- click images for full size splendor -


Monday, March 29, 2010


Many of you have no doubt heard the sad news
that Dick Giordano has passed away.

As a comics fan growing up in the Silver Age, I recall seeing his name on nearly every DC comic I ever brought home from the drugstore (they didn't have comic shops back then).  My favorite comics featuring Mr. Giordano would have to be ones that had him working with Neal Adams, as I thought his inks over Adams pencils seemed to be a perfect fit.

Dick Giordano, besides being one of DC comics best and most popular inkers, was clearly also a wonderful and talented penciller as well. You can look up his name at the usual places on the web, and find out more about Dick Giordano and his long and respected career as artist and editor, as I am unable to delve too deep into his history at the moment. Suffice to say, the man did excellent work over the many years he spent working in the comics industry. It is my honor to post for you a story he pencilled and inked, for Marvel comics Savage Sword Of Conan # 25, in 1977.  It was adapted from Robert E. Howard's work, by Roy Thomas. You may agree with me that he does an outstanding job, his version of Conan being able to stand shoulder to shoulder alongside the likes of those by John Buscema, Barry Windsor-Smith, Neal Adams, and Gil Kane. That says alot for the man's talent. It is a shame he didn't get to do more like this.

I want to offer my heartfelt condolences to his family and friends, and to say thank you, Mr. Giordano, for all you have contributed to comics that has entertained and captivated our imaginations all these years.

Dick Giordano
(7/20/1932 - 3/27/2010)



Here is a link to Mark Evanier's POV ONLINE
where he has more regarding Dick Giordano.


Plenty of wonderful art found on Dick Giordano's own site.

Saturday, March 13, 2010


[ Apocolytic Addendum - "Some of the information listed in this post has been revealed to be incorrect, mainly the credits for pencils and inks were transposed.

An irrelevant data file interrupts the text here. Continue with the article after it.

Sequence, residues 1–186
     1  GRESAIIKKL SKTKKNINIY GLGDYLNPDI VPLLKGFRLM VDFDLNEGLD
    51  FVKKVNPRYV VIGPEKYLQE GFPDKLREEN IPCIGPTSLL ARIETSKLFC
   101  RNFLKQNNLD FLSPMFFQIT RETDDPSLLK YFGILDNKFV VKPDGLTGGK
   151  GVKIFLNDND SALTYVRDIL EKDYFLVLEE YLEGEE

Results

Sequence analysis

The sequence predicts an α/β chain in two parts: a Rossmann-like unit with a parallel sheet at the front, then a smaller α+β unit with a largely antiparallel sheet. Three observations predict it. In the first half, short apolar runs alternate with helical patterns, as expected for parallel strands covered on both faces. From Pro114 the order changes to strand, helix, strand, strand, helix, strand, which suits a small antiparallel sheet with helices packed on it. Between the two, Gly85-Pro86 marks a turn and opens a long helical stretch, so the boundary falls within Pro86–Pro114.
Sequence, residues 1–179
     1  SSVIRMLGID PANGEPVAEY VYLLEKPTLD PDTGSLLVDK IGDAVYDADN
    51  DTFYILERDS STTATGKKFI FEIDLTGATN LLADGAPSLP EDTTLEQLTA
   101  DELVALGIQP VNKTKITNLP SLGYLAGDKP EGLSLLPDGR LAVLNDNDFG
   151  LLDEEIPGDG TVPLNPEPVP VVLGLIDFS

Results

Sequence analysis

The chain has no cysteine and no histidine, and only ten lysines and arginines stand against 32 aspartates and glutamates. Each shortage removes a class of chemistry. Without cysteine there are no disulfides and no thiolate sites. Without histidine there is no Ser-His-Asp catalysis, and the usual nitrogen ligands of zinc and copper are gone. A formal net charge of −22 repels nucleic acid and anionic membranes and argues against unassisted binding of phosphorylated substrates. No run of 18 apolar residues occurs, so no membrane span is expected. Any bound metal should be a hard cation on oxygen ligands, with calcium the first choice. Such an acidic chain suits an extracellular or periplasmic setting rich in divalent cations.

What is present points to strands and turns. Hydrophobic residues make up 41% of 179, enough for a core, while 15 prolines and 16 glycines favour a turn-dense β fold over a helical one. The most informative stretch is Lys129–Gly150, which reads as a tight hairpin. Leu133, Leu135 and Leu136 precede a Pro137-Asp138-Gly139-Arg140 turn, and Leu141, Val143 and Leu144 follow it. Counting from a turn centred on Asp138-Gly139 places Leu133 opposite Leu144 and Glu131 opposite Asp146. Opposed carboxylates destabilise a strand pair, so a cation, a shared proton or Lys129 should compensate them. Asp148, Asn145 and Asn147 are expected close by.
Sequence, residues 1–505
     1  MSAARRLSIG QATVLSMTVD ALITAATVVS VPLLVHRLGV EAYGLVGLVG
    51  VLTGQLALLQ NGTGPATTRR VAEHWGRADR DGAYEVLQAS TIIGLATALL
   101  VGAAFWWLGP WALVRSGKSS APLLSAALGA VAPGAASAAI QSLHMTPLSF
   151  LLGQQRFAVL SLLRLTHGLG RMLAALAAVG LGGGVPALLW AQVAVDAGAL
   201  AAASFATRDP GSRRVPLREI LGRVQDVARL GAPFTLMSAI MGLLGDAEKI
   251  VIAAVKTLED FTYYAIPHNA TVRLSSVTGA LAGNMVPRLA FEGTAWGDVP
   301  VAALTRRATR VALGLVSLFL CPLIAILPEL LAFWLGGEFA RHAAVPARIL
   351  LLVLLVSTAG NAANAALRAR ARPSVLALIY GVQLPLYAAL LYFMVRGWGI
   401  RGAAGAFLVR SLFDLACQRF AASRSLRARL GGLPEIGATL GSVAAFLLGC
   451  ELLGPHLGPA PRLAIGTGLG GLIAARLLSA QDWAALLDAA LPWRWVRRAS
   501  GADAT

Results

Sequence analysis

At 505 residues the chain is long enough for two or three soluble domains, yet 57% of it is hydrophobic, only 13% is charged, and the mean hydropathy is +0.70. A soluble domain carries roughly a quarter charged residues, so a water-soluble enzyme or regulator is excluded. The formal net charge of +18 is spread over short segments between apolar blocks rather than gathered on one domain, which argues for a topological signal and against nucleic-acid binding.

The correct credit should read Pencils: Wally Wood. Inks: John Severin. Please see comment section for the full story." ]
-  The Apocolyte speaks.

Here we have a fascinating exhibit of two legendary EC Comics artists with widely divergent styles coming together in a once-in-a-lifetime mixture  --  John Severin pencils and Wally Wood inks!

I have stated on previous posts how much I respect each of these talented artists. I'm limiting my commentary to say only that this is possibly the only instance where Wally Wood inks do NOT overpower the pencils! Now, let me clarify, when I say overpower, I don't mean destroy, of course, I mean dominate the artwork in the sense that, many times Wally Wood inks over another artists pencils results in art that looks like Wood alone. That isn't always the case, nor is it necessarily a bad thing!  For instance, Wood inks on Bob Oskner was to me a joyous blending of styles. So was Wood inks over Gil Kane pencils. Both artists shined through and the individual talents unique to each formed a synergy that was the best of both worlds.

Is that the case here? You tell me.

In the end, the result is astonishing, and the art is excellent. While I love the strange hybrid art that these masters created here, the truth is that the marriage of styles was ultimately not in the best interest for either artist. The only other penciller Wood inked where I can recall two amazing artists that didn't blend as expected was perhaps when Woody inked Syd Shores in Marvel's RED WOLF. Check it out sometime and see what you think ( I still love it). Personally, I would loved to have seen more from this unlikely team.

This is classic CREEPY, from issue # 91, 1976. Written by Archie Goodwin, this story remains an intriguing study of a collaboration of giants.




Alright, friends!
Do you like black and white horror comics?
Sure you do!
I have been busy as usual, and haven't had the time to tell you about
my good buddy Mykal Banta's  latest blog

which focuses on some of the
grisliest, goriest, and grittiest black and white  horror mags
ever produced, Myron Fass' EERIE Publications of the 70's!

If you haven't already done so, go drop on by,
and tell Mykal that The Apocolyte sent you!